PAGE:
Wool (The Omnibus), by Hugh Howey
In Hugh Howey’s terrifying post-apocalyptic world, the Earth’s surface became too toxic to sustain life for even a few seconds, and its remaining citizens were driven underground. They live in The Silo, a metal structure extending over 100 flights of stairs belowground. Society has re-evolved down below, with a hierarchy denoted by the level where people live and work. Up near the surface lives the sheriff, the mechanics work down deep, with everyone from IT to the hydroponic farmers in between. They’ve abolished all historical records, and those who probe too much pay a fatal price: they are sent outside, to clean the few windows that are the only remaining connection to the surface.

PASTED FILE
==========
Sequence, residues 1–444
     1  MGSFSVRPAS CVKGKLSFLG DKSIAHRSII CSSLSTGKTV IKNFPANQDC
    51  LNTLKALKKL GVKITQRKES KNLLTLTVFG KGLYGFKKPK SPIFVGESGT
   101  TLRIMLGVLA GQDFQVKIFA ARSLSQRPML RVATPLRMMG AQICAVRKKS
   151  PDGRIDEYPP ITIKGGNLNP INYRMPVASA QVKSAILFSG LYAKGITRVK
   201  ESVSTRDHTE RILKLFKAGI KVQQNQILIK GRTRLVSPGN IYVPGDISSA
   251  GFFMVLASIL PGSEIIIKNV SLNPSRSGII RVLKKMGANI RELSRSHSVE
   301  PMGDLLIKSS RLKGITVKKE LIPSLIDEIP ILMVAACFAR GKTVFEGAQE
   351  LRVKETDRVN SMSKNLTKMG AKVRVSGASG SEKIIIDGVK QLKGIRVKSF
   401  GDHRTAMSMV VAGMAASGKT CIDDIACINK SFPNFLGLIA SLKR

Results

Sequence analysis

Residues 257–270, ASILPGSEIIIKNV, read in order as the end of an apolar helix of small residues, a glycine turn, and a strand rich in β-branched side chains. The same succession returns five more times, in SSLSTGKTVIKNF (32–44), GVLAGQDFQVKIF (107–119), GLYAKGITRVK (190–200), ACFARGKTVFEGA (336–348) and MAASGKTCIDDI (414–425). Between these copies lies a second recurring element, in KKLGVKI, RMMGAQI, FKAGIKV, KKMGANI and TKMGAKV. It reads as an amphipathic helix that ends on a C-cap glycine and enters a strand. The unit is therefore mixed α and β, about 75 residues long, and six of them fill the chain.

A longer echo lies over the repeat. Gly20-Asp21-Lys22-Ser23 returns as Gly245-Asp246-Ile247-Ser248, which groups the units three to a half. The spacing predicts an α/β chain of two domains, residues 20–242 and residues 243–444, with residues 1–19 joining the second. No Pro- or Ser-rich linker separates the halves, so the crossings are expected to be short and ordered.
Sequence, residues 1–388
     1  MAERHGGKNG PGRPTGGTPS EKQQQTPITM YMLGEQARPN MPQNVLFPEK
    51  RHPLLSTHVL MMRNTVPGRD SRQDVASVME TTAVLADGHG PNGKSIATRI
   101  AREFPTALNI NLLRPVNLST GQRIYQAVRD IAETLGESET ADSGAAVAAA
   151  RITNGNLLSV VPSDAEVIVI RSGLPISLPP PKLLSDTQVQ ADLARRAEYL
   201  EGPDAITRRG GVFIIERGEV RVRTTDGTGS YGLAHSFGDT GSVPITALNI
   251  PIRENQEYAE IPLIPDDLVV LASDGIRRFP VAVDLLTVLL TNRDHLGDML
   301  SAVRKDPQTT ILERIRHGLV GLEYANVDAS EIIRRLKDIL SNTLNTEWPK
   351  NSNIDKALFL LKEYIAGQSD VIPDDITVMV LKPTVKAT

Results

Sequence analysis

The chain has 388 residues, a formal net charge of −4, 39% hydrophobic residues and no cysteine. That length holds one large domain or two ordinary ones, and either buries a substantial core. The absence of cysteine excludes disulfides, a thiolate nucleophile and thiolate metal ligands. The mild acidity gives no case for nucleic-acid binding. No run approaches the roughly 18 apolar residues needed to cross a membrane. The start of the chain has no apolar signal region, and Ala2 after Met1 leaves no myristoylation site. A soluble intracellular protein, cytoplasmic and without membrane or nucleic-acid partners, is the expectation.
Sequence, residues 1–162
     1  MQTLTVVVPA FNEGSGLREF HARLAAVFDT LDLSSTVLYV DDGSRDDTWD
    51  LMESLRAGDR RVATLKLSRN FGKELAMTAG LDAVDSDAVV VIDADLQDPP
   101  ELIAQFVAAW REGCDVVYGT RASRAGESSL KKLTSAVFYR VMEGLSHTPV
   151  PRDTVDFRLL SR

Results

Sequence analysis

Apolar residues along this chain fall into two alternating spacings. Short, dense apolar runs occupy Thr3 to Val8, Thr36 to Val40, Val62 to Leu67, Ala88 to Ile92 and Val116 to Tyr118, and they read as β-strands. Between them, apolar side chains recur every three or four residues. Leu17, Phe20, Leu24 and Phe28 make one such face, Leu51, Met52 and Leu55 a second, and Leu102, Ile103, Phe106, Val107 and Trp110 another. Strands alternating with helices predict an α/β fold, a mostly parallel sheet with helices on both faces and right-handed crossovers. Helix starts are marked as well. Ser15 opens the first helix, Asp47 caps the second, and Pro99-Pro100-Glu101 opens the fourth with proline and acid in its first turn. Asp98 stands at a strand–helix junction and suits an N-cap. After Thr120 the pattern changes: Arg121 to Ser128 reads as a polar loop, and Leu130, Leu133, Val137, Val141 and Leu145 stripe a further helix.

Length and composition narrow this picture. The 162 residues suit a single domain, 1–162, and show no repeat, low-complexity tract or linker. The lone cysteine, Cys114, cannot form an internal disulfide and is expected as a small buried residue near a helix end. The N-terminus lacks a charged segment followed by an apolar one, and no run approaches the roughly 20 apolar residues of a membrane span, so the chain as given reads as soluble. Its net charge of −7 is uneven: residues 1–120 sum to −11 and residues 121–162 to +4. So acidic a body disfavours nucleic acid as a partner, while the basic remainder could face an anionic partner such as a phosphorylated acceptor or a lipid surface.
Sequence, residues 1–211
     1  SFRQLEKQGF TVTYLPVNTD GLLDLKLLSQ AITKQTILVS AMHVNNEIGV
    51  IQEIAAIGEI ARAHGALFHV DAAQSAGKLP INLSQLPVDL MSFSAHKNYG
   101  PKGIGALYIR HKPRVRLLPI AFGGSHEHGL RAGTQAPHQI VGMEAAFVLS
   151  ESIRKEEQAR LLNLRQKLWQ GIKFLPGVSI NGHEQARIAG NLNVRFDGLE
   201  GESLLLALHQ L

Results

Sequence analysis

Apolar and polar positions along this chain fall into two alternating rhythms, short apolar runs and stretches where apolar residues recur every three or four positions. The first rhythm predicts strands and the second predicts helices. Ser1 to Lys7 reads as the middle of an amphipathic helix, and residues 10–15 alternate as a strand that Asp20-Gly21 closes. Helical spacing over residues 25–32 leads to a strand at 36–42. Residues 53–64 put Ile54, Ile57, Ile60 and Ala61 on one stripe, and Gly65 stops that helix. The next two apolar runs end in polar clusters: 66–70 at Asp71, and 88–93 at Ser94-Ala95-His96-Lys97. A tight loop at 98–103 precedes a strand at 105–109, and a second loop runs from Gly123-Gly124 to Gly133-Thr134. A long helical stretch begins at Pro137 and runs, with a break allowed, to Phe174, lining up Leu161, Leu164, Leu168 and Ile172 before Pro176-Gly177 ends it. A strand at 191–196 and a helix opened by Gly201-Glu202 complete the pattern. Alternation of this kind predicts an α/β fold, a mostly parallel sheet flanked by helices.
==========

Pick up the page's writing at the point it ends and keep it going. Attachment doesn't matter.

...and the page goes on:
Howey’s world-building is great and his characters are gritty and relatable. The main protagonist, Juliette, works as a lead mechanic. She’s pragmatic, blunt, stubborn, and generally grubby, and has no aspirations to political power. But her talents for buckling down, problem-solving, and perceiving underlying mechanisms send her on a revolutionary journey.
You should definitely read the Omnibus, which encompasses books #1-5, instead of acquiring them separately. Each book is quite short, they form a single plotline, and most of them pack a serious cliffhanger ending, so it’s more fulfilling to read them as one novel. A fast-paced, gripping collection!
The 213 in 2013 series chronicles every book I read in 2013. Each review contains exactly 213 words, because 2013 words is too long and 2013 characters is too dang short.